Sunday, June 08, 2008

June USPSA Training

I arrived at the ARPC range an hour early Saturday, to set up the bay for the "Introduction to USPSA" class. I discussed the exercises to be presented during the class with Mike McCarter ("Mac"), who was responsible for the instruction, and almost as an afterthought I asked him how many students had pre-registered for the class.

"One", Mac said, "and he hasn't shown up yet."

This wasn't as disappointing as you may expect.

While preparing to set up the bay, I had met and introduced myself to an older gentleman, Pete, who explained that he had brought his grandson for Mac's Junior Team Training and Practice.

During our conversation, I mentioned that the sport is addictive, and added "You realize, of course, that if you're going to be bringing your grandson to USPSA matches, you'll soon want to start competing yourself."

Pete said that he had already planned on that. He explained that he had competed in 1996, and although he hadn't participated in over a decade he expected to shoot the matches along with his grandson.

When I told him that certification & training classes were available, he wondered aloud whether he should repeat the training that he had already received in 1996.

I told him that (as an example) I had dropped out of competition for a while in the late 1980's, and when I re-entered the sport I made it a point to re-take the training. I had realized that my shooting skills had atrophied along with my understanding of the rules, so I benefited from the refresher course.

Pete thought it over quickly, and asked if he should register for the July training.

"No need for that," I replied. "I'm teaching the course today. If you have a pistol, holster, magazine carriers and some ammunition with you, why don't you just take the class today? Since you're a returning competitor, I'm sure there will be no problem. And the class is free."

Pete agreed, and after I had double-checked with Mac I had one confirmed student for the class.

In the meantime, Brian B. showed up with his son, Nathan, who was also there for the Junior Practice. Brian had brought along his friend Adam, who was ex-Coast Guard, specifically for the Introduction to USPSA course.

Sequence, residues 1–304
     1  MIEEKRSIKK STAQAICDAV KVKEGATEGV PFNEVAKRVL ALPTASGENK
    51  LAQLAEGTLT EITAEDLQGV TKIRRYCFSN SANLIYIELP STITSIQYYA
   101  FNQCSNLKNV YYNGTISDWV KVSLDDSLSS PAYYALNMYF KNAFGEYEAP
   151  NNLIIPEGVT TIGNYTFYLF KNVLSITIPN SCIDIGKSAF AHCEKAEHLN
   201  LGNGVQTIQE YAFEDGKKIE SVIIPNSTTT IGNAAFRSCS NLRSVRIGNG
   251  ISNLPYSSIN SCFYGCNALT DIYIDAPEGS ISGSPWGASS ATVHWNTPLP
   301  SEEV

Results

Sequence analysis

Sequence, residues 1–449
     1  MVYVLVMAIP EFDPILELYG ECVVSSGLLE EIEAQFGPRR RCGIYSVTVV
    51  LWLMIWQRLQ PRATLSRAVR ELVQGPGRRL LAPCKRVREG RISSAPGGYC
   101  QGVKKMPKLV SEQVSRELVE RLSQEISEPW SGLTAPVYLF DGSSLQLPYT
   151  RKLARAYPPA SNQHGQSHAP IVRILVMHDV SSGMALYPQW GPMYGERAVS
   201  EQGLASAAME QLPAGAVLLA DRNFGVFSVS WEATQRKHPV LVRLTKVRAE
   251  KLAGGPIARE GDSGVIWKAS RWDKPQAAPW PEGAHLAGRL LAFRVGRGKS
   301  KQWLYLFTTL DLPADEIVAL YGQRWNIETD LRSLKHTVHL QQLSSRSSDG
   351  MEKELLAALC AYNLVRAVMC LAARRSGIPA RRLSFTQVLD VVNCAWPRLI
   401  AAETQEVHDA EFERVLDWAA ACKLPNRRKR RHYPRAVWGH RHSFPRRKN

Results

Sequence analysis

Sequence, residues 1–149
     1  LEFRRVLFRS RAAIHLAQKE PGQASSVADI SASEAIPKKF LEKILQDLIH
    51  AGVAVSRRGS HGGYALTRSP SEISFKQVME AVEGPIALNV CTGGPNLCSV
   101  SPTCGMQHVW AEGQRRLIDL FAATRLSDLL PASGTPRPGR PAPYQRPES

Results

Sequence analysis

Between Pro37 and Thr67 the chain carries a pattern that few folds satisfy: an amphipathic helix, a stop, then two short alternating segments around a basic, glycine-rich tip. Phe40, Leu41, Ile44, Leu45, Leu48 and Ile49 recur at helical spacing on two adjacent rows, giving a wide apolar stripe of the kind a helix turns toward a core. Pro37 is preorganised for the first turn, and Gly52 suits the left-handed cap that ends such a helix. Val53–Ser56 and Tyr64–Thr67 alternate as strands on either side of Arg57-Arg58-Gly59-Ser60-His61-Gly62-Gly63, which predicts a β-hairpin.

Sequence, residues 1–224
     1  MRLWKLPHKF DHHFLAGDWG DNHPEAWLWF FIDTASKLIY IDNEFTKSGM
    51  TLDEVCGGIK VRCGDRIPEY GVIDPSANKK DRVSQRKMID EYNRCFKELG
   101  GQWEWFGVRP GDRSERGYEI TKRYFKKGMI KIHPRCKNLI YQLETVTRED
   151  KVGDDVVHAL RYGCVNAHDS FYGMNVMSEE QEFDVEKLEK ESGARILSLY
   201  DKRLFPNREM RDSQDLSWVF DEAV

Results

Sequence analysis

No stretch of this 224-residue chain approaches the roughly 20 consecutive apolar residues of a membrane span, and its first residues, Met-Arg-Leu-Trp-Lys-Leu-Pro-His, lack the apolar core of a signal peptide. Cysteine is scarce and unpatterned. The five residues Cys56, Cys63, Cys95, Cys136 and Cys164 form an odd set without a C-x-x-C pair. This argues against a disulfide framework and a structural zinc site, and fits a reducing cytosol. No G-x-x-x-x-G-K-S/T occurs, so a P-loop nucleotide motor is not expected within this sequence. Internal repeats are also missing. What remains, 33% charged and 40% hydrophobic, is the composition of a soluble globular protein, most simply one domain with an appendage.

Brian had loaned Adam a Glock, along with an equipment belt (belt, race holster, magazine carriers, and three magazines.) Adam had a brick (250 rounds ... far more than was needed) of ammunition for the Glock, and a healthy attitude toward training.

That's two, which is one more than is necessary to justify a class.

I should mention that the class is essentially a "Field Exercises" class. The students are expected to have completed an online-workbook (requires MS Word) to demonstrate that they have read the current USPSA Competition Rules. They should have completed an open-book test, and they can expect to be questioned about their answers before the range portion of the class begins.

The entire class, both the 'classroom' component and the 'field training' component, is scheduled for two to three hours, total.

Pete hadn't seen a rule book since (assumedly) 1996. Adam had received the workbook, but hadn't completed the test. He had not brought his test, which is a guide for the instructor to re-affirm the basic principles and rules of USPSA competition.

Since I didn't know what my class participants knew ... and worse, what they didn't know ... we had to wing it.

Just to add flavor to the experience, Adam was using a borrowed gun, which he had never fired.
Pete was using a new gun, which he had never fired.

However, both had experience with shooting pistols, so all we had to do was (in nor particular order) :
  1. Gun-handling skills, how to use your pistol, learn the controls (both trigger-safety);
  2. Basic rules of USPSA competition;
  3. Safety rules;
  4. How targets were scored, and how scores are ranked compared to other competitors;
  5. Penalties (Miss, FTE, etc): how , when and why they are applied;